Every experience that you have had and every person that you have met will have, in some way, influenced your values and beliefs. What we value and the beliefs we hold have a profound influence on how we think about things and how we behave. We can all help others to change a limiting belief that is empowering and offer many opportunities to people. What you hold dear and what you believe to be important to you has evolved and shaped your life. Our values are what encourage our thoughts, words, and actions. When we make decisions they are a reflection of our values and beliefs. We all have our own values, beliefs, and attitudes that we have developed from our life experiences. Our family, friends, community and the experiences we have had, all contribute to our sense of who we are and how we view the world. When you work in the community we often work with people who are vulnerable and/or who may live a lifestyle that mainstream society views as being different or unacceptable. To provide a compassionate service that meets the needs of our target groups and helps them to feel empowered and respected, we need to be aware of our own personal values, beliefs and attitudes, and not impose our own ideas on our clients. Values are principles, standards or qualities are what we hold to be how we want to live. They guide the way we live our lives and the decisions we make. A ‘value’ is commonly formed by a particular belief that is related to the worth of an idea or type of behaviour. Values can influence many of the judgments we make as well as have an impact on the support we give clients. It is important that we do not influence client’s decisions based on our values. We should always work from the basis of supporting the client’s values.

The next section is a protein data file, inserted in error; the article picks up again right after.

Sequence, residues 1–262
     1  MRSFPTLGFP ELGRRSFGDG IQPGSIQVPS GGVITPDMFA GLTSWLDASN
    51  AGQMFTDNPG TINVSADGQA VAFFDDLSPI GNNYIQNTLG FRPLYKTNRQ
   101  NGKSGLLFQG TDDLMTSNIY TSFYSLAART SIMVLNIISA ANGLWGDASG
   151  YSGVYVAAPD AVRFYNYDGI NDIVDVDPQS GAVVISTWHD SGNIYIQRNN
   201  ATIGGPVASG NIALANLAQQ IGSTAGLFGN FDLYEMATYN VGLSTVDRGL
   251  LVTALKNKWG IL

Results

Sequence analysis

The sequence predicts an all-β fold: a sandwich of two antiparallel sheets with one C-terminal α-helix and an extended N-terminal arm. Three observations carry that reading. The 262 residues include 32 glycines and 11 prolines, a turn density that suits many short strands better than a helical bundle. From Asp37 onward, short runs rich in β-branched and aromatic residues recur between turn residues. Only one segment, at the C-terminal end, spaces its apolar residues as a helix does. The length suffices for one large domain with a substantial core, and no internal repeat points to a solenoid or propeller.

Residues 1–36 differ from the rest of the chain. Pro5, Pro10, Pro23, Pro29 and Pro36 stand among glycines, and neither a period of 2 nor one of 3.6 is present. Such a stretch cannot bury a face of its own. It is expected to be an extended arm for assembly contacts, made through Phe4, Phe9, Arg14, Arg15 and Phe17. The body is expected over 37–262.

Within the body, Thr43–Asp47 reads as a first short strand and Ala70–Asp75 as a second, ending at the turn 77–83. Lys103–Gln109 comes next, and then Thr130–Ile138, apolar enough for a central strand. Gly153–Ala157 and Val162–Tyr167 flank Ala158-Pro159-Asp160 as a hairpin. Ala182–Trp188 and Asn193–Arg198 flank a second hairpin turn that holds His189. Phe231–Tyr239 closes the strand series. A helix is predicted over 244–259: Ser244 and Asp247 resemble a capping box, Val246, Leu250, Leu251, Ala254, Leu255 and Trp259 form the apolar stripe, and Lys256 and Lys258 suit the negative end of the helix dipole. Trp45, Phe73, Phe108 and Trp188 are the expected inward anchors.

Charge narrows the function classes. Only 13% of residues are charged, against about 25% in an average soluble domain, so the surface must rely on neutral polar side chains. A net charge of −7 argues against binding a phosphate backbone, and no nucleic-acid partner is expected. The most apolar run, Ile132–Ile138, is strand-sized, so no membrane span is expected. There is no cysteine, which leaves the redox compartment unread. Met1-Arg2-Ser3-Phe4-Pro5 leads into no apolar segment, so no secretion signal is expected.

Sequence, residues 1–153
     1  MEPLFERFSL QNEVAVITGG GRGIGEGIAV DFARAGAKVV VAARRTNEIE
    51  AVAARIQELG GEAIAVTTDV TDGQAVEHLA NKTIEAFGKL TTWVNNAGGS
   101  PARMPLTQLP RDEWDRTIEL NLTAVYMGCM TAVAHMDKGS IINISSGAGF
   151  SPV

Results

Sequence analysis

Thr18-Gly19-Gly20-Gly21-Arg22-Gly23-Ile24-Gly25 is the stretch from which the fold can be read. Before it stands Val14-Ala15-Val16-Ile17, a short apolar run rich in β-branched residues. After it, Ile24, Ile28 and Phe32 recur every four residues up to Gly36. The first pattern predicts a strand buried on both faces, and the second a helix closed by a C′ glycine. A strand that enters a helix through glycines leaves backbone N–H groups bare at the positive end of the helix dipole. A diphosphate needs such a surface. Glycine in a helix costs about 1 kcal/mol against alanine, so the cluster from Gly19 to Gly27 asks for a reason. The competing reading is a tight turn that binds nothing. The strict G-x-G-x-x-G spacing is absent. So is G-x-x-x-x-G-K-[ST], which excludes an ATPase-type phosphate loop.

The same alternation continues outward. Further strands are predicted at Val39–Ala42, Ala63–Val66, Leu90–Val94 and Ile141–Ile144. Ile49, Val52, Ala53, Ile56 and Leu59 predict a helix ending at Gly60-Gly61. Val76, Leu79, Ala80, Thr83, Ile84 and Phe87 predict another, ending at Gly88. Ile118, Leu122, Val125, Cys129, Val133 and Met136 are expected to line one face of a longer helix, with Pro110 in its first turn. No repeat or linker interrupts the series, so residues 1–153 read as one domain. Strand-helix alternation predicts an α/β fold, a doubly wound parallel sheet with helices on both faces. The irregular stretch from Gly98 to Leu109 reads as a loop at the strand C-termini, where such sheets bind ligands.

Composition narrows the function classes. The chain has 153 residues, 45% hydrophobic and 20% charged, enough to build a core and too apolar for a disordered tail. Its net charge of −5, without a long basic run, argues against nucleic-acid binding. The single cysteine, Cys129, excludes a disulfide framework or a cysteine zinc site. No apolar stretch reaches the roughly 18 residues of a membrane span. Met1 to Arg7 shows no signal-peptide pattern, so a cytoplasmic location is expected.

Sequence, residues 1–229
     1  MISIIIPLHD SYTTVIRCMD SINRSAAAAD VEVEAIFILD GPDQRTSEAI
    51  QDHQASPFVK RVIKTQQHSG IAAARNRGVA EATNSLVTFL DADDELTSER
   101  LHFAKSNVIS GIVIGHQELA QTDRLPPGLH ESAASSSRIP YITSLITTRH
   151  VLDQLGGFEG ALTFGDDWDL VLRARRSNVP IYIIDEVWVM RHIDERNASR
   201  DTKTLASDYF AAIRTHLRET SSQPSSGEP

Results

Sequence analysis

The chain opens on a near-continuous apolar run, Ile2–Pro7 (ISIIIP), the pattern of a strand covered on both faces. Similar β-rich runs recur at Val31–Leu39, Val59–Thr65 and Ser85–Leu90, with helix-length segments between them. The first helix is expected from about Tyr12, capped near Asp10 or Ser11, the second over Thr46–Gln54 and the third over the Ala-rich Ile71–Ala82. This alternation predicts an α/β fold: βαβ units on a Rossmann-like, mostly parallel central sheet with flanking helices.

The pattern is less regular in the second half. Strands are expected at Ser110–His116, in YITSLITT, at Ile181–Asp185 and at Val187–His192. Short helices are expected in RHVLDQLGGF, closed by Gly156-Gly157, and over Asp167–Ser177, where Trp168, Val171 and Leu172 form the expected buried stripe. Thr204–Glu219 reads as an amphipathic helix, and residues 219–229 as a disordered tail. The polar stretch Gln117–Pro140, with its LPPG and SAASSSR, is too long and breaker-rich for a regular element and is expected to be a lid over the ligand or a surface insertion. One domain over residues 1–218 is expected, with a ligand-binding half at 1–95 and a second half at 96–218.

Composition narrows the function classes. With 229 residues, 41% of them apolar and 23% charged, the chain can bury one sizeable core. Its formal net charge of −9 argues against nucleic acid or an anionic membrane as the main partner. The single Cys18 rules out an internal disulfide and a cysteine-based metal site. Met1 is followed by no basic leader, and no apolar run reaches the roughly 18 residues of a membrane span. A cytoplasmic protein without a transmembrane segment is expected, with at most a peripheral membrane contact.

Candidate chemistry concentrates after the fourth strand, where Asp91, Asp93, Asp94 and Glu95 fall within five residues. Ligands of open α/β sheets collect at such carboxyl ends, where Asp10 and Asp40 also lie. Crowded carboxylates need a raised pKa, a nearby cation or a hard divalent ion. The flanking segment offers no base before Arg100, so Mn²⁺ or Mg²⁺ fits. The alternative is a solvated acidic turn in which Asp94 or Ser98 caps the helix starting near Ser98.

We have all been brought up with values that include good manners and being courteous. Pride in the way you live life, but with humility. Family life and the value you hold on always being respectful, giving good example and encouraging. Values are stable long-lasting beliefs about what is important. They become standards by which people order their lives and make their choices. A belief will develop into a value when one is committed to it being important. Beliefs and values often motivate a person by defining what they see as being important. In turn, they influence a person’s attitudes, and how they behave. such as: concern for the well-being of others; respect for others; trustworthiness and honesty; compliance with the law; preventing harm to others. Beliefs in general, and values in particular are motivational. Because we tend to move towards what we value and away from what we don’t value, we put energy behind what’s important to us. When beliefs are deeply held, they often lead to black and white thinking. words such as ‘right’ and ‘wrong’, ‘appropriate’ and ‘inappropriate’, ‘good’ and ‘bad’, ‘should’ and ‘shouldn’t’ and ‘important’ and ‘unimportant’ tell you immediately that someone is talking in terms of their values. We acquire and develop them as we strive to make sense of the world. Sadly values today have eroded and we are left with questionable beliefs that are damaging to society at large.s